“Lovely to see you today!”
“How are you doing?”
It’s all about context. Positive thinking… Growth mindsets.
Are we our honest selves when in the classroom? We exhibit expected professionalism and hold it together when we might have had a far from perfect time before the school day even begins. We launch our own children into school. We calm the anxiety of Tim, or Lucy, who could be worried about PE, may not be understanding some homework or something has happened at home. Why do we do this when sometimes we feel far from smiling?
Well, if honest, we do it for the young people we teach. If we are happy and positive, they are more likely to be so too. Calm and content learners learn. It’s well-documented that stress causes our brains to shut down and thinking becomes clouded.
However, is it possible that our honest desire to remain selfless and true to our moral purpose, can stubbornly persist to the detriment of our own wellbeing?
I think the honest answer to this question is often: “Yes!”
Who do we turn to when the façade begins to crack? How do we react when we admit to ourselves that what we feel is right and moral is making us ill? How can we fit it all in and be able to sleep? How do we know when to stop writing the list?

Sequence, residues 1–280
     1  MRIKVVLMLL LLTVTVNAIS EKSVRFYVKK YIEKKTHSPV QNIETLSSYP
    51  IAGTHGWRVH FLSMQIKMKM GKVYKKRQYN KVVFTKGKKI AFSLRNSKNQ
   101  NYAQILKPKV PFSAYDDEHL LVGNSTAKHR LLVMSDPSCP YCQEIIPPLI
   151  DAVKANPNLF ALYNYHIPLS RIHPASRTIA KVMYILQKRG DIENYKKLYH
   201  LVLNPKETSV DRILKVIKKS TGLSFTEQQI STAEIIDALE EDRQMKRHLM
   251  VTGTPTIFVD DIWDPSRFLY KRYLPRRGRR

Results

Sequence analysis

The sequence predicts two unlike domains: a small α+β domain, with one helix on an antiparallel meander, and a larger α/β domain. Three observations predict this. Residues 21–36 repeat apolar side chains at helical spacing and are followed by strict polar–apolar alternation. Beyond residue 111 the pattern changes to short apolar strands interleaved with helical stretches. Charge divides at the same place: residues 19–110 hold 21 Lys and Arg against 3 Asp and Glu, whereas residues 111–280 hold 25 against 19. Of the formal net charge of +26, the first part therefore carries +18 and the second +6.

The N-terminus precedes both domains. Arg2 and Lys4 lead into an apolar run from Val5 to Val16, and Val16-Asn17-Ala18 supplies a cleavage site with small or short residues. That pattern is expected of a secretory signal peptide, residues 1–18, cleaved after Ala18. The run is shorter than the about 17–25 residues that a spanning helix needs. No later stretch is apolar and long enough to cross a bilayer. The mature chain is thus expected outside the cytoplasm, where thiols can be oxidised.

For me, it was when I was beginning to stare vacantly at the computer screen and find myself unable to concentrate on the work I was doing. It was when the list had grown exponentially and unwieldy. Perspective grew distorted and a navigable pathway through the storm was shrouded in mist and cloud.
I couldn’t smile.
I found myself crying.
I wanted to smile. I loved my job.
I couldn’t do it anymore. Not enough hours.
Honestly. Without that purpose. I was lost. Stretched. Mom. Daughter. Teacher. Taxi driver. Runner… Trying to do the right thing.
“Miss, are you okay?”
I smile. They smile. We smile.